Bridge and other infrastructure failures have been generating significant headlines in the United States. The German state Hesse has a new idea: plastic composite bridges. Europe’s’ first road bridge made of fiber-reinforced thermoset polymer opened recently, spanning a federal highway north of Frankfurt. The initial cost of the materials is higher, but there are long-term maintenance benefits. The pultruded polymer structure is also less than one-fourth the weight of a pre-stressed concrete superstructure. It’s not a giant bridge – just 89 feet long by 16 feet wide. It weighs 80 metric tons.
Some big problems had to solved, including adhesive bonding of the sections and testing. Materials being evaluated for bridge construction include glass and carbon fibers and matrix polymers of vinyl ester, epoxy and polyester. Officials say the new German bridge, located in the town of Friedberg, is expected to last 50 years without repairs. The bridge is made of FRP polymer glued to steel sections. The bridge was prefabricated and assembled on site in one day.
The first photos made with a 3D-printed telescope are here and they're not as fuzzy as you might expect. A team from the University of Sheffield beat NASA to the goal. The photos of the Moon were made with a reflecting telescope that cost the research team £100 to make (about $161 US).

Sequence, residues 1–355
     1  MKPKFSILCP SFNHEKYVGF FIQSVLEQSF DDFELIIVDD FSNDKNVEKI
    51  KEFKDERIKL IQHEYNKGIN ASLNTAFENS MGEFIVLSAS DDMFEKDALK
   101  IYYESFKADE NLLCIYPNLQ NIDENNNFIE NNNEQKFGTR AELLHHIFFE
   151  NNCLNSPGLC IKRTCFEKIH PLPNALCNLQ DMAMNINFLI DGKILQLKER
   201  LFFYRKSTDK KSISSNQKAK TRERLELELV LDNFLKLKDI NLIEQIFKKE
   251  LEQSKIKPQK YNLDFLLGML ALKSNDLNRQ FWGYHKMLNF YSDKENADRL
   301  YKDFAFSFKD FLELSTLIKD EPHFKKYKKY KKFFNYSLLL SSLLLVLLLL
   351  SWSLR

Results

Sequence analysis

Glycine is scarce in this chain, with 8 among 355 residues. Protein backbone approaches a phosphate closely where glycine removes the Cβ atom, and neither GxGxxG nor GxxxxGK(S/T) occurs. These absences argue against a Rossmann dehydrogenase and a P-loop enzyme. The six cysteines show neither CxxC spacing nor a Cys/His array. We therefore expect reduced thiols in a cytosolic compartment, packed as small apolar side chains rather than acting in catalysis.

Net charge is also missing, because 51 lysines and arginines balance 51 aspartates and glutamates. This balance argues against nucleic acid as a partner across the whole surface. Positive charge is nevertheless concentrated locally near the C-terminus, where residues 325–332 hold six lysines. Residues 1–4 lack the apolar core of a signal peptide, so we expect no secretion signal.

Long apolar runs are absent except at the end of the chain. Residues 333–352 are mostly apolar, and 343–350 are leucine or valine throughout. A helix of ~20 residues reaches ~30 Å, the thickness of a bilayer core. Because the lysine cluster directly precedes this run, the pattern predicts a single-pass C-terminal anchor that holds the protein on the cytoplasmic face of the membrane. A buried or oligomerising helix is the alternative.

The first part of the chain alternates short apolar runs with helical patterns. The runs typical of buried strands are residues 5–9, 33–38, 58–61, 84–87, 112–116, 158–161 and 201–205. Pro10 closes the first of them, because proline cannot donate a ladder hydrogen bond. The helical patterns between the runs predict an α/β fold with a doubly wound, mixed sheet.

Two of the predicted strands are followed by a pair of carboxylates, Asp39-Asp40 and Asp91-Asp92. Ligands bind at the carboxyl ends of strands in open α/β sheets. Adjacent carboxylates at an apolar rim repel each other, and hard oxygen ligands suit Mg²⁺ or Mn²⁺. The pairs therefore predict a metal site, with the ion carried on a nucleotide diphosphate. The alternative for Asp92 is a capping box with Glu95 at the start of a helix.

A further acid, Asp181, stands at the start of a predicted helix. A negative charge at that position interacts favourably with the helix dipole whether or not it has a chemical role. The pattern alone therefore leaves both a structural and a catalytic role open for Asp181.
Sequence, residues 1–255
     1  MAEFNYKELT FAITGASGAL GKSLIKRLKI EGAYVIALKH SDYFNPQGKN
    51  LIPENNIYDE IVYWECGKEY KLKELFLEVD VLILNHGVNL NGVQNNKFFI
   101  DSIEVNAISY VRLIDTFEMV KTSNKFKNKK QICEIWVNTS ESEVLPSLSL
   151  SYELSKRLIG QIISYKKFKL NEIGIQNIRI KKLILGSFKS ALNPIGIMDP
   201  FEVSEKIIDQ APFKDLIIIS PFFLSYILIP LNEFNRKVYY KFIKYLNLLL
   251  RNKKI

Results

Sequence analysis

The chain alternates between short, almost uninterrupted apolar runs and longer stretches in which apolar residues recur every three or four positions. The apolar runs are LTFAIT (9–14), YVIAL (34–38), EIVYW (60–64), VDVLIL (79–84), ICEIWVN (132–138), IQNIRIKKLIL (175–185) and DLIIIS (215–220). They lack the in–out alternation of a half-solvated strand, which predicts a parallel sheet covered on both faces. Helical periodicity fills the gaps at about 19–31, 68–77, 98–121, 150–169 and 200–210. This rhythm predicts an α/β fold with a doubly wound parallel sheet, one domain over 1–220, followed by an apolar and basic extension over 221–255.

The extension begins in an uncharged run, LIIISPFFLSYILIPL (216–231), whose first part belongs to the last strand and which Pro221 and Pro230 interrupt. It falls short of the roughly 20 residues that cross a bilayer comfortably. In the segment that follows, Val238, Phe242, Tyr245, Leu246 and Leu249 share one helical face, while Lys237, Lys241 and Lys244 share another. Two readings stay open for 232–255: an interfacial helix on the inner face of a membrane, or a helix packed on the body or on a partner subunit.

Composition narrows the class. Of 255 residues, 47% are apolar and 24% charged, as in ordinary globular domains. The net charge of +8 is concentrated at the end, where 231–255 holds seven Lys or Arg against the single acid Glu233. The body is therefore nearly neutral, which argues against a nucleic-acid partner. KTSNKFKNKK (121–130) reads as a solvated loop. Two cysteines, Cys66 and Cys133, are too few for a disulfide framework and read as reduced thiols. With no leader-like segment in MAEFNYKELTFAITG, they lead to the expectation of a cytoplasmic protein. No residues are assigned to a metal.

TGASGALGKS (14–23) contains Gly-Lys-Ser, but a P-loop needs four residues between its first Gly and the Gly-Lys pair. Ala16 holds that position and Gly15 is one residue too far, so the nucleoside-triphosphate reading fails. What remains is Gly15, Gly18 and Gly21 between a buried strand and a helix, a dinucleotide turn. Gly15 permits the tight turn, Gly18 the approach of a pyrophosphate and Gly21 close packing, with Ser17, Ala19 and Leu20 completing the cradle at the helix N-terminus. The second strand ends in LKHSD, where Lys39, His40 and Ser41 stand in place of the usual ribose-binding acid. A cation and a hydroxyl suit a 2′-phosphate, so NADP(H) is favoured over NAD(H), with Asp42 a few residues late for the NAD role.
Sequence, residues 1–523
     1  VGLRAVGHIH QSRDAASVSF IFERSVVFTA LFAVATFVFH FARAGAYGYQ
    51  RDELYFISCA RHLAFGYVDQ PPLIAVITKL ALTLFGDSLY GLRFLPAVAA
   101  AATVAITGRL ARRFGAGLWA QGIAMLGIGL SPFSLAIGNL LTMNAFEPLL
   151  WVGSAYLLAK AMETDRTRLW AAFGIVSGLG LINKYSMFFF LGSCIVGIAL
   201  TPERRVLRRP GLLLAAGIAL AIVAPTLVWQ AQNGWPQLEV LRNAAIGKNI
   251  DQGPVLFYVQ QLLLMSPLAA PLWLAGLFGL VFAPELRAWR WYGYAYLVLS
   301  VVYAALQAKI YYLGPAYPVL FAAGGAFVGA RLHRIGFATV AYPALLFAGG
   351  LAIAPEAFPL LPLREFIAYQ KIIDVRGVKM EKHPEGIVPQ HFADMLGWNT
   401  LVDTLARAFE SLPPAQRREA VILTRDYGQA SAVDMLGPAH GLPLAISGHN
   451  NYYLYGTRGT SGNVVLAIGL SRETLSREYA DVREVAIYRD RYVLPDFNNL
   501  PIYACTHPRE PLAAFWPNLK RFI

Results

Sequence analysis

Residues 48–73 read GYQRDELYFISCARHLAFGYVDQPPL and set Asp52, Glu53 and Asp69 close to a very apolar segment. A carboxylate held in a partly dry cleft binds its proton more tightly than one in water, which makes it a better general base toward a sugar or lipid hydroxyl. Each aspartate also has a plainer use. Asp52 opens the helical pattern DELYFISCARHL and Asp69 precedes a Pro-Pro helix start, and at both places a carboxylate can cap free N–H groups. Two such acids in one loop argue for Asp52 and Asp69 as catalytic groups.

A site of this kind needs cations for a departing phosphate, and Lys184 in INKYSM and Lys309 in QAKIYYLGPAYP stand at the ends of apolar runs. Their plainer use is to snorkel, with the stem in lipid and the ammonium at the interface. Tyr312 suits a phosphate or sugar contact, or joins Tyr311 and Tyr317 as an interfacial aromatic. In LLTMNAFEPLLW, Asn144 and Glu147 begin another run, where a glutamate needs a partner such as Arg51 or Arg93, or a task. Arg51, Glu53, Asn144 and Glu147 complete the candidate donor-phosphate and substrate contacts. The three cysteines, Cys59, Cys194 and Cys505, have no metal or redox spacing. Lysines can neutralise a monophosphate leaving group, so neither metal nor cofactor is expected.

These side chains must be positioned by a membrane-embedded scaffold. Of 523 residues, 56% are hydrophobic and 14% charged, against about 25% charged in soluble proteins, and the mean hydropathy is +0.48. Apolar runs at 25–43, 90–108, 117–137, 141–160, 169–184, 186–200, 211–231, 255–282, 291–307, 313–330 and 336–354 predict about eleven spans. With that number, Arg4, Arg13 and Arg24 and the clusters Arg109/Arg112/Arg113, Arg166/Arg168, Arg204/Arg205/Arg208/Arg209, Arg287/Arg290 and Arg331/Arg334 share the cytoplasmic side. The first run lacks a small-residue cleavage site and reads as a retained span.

A tiny humanoid robot has safely piloted a small plane all the way from cold start to takeoff, landing and coming to a full stop on the plane's designated runway. Yes, it happened in a pilot training simulation -- but the research team isn't far away from doing it in the real world.
Some in the US have welcomed 3D printing for boosting local economies and bringing some offshored manufacturing back onshore. Meanwhile, China is wielding its power of numbers, and its very different relationships between government, education, and industry, to kickstart a homegrown industry.
You can find out practically everything you need to know about engineering plastics as alternatives to other materials at the 2014 IAPD Plastics Expo. Admission is free for engineers, designers, specifiers, and OEMs, as well as students and faculty.
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